"The Way to a Dominant International Currency: A Political General Theory and the Prospect of the Renminbi’s Rise"
This dissertation develops a theory of interstate monetary security to explicate what determines the role of a currency in the international economy. This theory underlines that even if a state has outstanding economic conditions, the international use of its currency will still be limited if other states are concerned about security threats. This is because cross-national monetary relationships can be exploited for political coercion in interstate disputes. Accordingly, at least one of the two political conditions below should be satisfied so that the currency of a state with strong economic conditions but also substantial security threats to other states can perform a critical international role. One is if the issuing state makes other states believe that it will not employ monetary coercion in major political disputes with them. The other is if other states are protected by defensive military alliances decreasing the likelihood of such political disputes.
I test this theory by drawing on a series of statistical analyses along with two historical case studies. For these statistical analyses, official data on cross-national monetary relationships are mostly kept confidential. Thus, I construct my own global dataset using an econometric method to estimate part of those relationships, covering the years from 1968 to 2007. Also, the historical cases under study are the challenges from the US dollar and the Reichsmark to the British pound’s superior role in the international economy before WWII. After these, I apply the theory to studying the rise of the renminbi (RMB), China’s currency. This study demonstrates that the efforts of the Chinese Communist Party (CCP) to survive have given birth to some institutional mechanisms conducive to the international use of the RMB.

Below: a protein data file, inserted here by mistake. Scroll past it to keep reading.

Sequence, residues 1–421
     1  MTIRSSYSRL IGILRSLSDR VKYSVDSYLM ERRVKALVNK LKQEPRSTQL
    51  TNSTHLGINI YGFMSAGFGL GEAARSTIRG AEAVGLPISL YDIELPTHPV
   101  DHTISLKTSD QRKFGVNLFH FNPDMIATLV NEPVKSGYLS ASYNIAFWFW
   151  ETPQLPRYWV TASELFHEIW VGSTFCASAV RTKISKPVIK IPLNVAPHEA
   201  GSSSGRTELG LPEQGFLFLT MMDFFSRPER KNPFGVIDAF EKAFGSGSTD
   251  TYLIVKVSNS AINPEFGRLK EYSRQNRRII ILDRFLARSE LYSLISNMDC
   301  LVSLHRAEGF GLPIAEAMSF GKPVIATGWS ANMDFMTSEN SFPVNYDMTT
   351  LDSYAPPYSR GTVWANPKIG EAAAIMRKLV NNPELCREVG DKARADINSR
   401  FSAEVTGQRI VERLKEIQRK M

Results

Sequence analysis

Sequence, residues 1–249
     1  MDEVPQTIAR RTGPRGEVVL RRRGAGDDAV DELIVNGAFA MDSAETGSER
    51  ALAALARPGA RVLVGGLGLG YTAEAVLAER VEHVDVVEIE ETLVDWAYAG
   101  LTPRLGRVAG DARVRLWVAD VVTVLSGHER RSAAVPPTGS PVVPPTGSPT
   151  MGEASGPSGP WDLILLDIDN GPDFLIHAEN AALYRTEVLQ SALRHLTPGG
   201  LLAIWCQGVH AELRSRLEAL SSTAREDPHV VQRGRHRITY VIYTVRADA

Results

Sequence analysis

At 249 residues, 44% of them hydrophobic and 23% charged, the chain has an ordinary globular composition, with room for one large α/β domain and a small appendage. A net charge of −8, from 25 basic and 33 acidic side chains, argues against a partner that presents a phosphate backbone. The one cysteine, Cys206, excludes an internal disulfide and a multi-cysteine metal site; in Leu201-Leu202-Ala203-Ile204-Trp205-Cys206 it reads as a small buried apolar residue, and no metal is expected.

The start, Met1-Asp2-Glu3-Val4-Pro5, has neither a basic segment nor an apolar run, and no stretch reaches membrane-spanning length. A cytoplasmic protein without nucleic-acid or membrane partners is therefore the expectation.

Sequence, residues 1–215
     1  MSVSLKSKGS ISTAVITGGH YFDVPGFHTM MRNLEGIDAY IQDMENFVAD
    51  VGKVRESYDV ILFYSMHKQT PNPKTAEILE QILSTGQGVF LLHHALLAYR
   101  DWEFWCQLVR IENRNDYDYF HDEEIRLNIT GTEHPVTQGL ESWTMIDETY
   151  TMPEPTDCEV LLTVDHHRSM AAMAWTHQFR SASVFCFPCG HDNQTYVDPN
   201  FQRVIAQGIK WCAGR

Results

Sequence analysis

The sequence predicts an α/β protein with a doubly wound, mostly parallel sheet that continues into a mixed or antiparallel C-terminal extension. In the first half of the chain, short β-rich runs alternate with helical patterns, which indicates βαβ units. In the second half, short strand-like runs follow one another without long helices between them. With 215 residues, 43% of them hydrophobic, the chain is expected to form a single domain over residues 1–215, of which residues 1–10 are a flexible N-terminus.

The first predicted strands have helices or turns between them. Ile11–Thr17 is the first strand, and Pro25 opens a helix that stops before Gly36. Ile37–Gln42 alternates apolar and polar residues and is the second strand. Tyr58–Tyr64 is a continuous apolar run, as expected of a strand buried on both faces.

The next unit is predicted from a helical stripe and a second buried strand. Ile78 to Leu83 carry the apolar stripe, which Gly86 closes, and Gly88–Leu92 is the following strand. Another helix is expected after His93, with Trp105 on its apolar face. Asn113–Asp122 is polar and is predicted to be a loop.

This dissertation makes two important theoretical contributions. First, it incorporates more political factors into currency competition research dominated by economics today, providing a more comprehensive analytical approach. Second, it allows for a dynamic insight into the relationship between an authoritarian regime’s international competition and domestic political survival. For instance, there could be crucial outcomes if the CCP’s efforts to survive lead to a considerable increase in the international use of the RMB. This may threaten US hegemony through weakening the dollar’s supremacy in the international economy. As such, this could set off a fundamental change to the international system. Such a structural change may pressure the CCP to introduce more domestic reforms to adjust to China’s new position in the system, but it may also give the Party more resources to secure legitimacy.
This dissertation makes policy-oriented contributions as well. Some analysts, for example, hold that China’s economic growth will drastically boost the international use of the RMB in the near future, giving the state a chance to dominate East Asia. The interstate monetary security theory provides a relatively balanced view that highlights how the RMB’s future is affected by the level and mitigation of security concerns about China. That is, the prospect of this currency’s rise depends on whether China can keep the rapid economic development and the aforementioned institutional mechanisms in existence. Yet the theory also suggests that US military protection can attenuate those security concerns and embolden US allies to embrace the RMB. In this manner, the US may have to pursue a subtle balance between its security commitments to allies and the dollar’s international role.
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